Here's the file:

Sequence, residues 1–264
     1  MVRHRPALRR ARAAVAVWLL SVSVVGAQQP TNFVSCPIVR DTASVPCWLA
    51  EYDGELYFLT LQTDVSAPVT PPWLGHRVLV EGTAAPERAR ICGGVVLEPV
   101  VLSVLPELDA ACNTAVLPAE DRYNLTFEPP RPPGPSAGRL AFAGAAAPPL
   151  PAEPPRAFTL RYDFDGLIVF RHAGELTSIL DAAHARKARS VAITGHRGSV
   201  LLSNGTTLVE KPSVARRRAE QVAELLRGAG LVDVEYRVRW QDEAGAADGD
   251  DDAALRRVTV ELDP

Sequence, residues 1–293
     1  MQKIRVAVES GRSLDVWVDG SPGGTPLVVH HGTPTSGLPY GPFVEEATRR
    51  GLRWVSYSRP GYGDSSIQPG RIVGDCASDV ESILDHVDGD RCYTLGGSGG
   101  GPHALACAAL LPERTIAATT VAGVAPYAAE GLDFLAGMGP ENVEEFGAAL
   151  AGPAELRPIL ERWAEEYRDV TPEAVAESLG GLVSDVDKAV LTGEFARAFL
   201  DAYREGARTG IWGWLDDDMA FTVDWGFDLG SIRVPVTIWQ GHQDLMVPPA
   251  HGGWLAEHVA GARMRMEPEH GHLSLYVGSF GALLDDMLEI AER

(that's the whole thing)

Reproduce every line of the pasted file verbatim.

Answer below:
Sequence, residues 1–264
     1  MVRHRPALRR ARAAVAVWLL SVSVVGAQQP TNFVSCPIVR DTASVPCWLA
    51  EYDGELYFLT LQTDVSAPVT PPWLGHRVLV EGTAAPERAR ICGGVVLEPV
   101  VLSVLPELDA ACNTAVLPAE DRYNLTFEPP RPPGPSAGRL AFAGAAAPPL
   151  PAEPPRAFTL RYDFDGLIVF RHAGELTSIL DAAHARKARS VAITGHRGSV
   201  LLSNGTTLVE KPSVARRRAE QVAELLRGAG LVDVEYRVRW QDEAGAADGD
   251  DDAALRRVTV ELDP

Sequence, residues 1–293
     1  MQKIRVAVES GRSLDVWVDG SPGGTPLVVH HGTPTSGLPY GPFVEEATRR
    51  GLRWVSYSRP GYGDSSIQPG RIVGDCASDV ESILDHVDGD RCYTLGGSGG
   101  GPHALACAAL LPERTIAATT VAGVAPYAAE GLDFLAGMGP ENVEEFGAAL
   151  AGPAELRPIL ERWAEEYRDV TPEAVAESLG GLVSDVDKAV LTGEFARAFL
   201  DAYREGARTG IWGWLDDDMA FTVDWGFDLG SIRVPVTIWQ GHQDLMVPPA
   251  HGGWLAEHVA GARMRMEPEH GHLSLYVGSF GALLDDMLEI AER